A retired teacher who gave birth at 57 through IVF now admits that she was too old to have a child. Susan Tollefsen sparked an ethical storm after becoming Britain’s oldest first-time mother when she had daughter Freya using sperm from her partner Nick Mayer, who is 11 years her junior, and a donor egg.
Now aged 61 and separated from Mr Mayer, she believes there should be an age limit of 50 for IVF treatment for women in the UK. The pensioner said she had split from Mr Mayer in part because of the ‘shock’ of having a child so late in life.
She said: ‘Freya is without doubt the best thing I have ever done in my life, and I have no regrets. But with the benefit of hindsight I recognise that perhaps some of my critics were right.
‘I get a great emotional feeling when I look at her, and a sadness when I realise time’s running out. If I could change just one thing, I would wish to be younger so I could enjoy watching Freya grow up, get married and have children of her own. ‘If I’m completely honest, my experience has taught me that 50 should probably be the cut-off limit for having children, but until you have them it’s almost impossible to appreciate that. ‘It’s so true that you only learn by your own mistakes, and my mistake was not to have had her sooner.’
Mrs Tollefsen, a former special needs teacher from Laindon, Essex, gave birth to Freya in 2008. The strain exposed problems that already existed in her relationship with Mr Mayer, and she is now bringing up Freya on her own on a tight income, which includes her pension. Freya stays with her father, a warehouse manager, every other weekend.
‘I’ve never regretted having Freya, but I’ve had to pay a heavy price for my dream of being a mother,’ Mrs Tollefsen added. ‘It’s cost me my relationship. ‘You think you’re madly in love with someone and you just don’t realise what they’re going to be like after you’ve had children.’
Mr Mayer, 49, said: ‘We’re living separately for various reasons. I’d prefer us all to be living together but that’s just not the case – but who knows what’ll happen in the future.’
Mrs Tollefsen also acknowledged the age gap between herself and other mothers at the school gates. ‘They are nice people but we are so different – we are from different generations,’ she said. ‘I have little in common with most of them. They talk about nights out and music and things that just don’t involve me. Sometimes I envy them their youth and infinite chances. I realised, belatedly, that I wanted a sibling for Freya but regretfully I had to devote the time to nursing my parents. But perhaps more than most I now know the real value of the time that’s left to us, and I don’t intend to waste a moment.’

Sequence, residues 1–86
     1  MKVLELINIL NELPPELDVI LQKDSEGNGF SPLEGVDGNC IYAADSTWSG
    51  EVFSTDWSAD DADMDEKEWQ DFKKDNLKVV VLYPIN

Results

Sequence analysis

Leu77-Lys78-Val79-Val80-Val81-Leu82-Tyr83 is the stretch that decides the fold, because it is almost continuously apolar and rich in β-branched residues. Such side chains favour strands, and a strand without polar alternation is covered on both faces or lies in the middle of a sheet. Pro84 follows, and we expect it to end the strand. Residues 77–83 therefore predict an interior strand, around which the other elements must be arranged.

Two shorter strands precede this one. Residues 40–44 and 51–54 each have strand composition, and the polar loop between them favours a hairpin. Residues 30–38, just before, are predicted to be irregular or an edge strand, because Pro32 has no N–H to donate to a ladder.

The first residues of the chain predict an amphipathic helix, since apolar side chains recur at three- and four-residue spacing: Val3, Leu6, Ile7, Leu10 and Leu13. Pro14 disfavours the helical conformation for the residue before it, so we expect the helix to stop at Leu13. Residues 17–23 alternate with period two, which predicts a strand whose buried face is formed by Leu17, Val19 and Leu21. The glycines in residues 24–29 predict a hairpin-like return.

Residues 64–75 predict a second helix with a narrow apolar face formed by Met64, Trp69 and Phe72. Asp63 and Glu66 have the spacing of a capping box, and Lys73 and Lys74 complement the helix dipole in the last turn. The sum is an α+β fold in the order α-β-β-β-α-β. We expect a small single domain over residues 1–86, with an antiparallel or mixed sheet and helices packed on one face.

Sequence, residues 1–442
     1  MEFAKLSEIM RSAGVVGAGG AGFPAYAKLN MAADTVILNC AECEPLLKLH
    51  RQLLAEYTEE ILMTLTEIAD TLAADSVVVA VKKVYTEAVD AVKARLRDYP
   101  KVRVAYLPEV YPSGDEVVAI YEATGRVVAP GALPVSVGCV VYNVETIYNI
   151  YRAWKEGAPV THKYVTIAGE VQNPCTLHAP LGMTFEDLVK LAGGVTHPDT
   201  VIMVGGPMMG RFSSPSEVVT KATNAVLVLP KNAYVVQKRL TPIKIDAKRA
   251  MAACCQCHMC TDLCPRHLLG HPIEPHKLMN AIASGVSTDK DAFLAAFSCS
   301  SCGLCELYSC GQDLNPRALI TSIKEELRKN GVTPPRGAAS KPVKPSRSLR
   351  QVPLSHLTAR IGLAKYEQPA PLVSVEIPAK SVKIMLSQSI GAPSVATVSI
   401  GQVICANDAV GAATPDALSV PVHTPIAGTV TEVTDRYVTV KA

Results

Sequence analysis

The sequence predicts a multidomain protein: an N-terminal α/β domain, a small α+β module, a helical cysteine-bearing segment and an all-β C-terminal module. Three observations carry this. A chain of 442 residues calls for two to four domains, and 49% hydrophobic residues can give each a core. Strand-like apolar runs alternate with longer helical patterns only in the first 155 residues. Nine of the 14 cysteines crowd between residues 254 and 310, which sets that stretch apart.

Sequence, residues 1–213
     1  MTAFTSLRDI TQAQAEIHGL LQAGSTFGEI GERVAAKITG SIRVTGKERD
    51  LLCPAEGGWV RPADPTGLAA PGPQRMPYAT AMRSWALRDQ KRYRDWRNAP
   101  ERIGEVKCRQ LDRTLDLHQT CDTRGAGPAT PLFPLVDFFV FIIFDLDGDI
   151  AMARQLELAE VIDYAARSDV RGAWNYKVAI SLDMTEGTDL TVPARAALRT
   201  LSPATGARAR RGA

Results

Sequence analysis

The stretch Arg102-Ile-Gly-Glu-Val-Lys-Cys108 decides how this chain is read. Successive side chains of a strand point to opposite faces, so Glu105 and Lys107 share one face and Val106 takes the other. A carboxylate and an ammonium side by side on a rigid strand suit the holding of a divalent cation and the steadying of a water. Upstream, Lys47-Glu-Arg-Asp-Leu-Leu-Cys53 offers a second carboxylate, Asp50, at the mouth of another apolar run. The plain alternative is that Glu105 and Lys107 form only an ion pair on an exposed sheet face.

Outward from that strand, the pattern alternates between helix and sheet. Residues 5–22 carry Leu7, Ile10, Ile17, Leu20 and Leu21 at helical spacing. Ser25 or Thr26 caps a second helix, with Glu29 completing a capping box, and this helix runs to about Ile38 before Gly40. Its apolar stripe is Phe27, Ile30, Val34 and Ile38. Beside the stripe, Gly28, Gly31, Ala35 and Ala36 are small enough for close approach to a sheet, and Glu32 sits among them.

She added: ‘A lot of the criticism I faced was based on my age, with claims that Freya would be abandoned in the event of my death. But Nick is still in his 40s.’ She also lamented the fact that older fathers do not face the sort of criticism she encountered, saying: ‘They get a slap on the back.’ Josephine Quintavalle, a co-founder of the pressure group Comment on Reproductive Ethics, praised Mrs Tollefsen’s candour. ‘One has to admire her honesty in coming forward and speaking frankly about the difficulties about being a mother so old,’ she said. ‘We can only hope that this acts as a warning to others who are in their later years and considering having a child.
‘One has to feel sorry for her, because she took advantage of something society offered her. But I think it shows that we need to have a bit more respect for nature, which seems to know how hard it is to look after a child when you are older. There is a very good reason the menopause comes when it does. IVF and egg-donating are creating a lot of unnatural situations.
‘As a society, we have to start to look at all of these issues from the perspective of the child and ask what is best for them. ‘The ideal situation for a child is to be with a two parents who are young and healthy enough to look after them.’
Article: 7th November 2011 www.dailymail.co.uk
Read more about IVF and egg donation.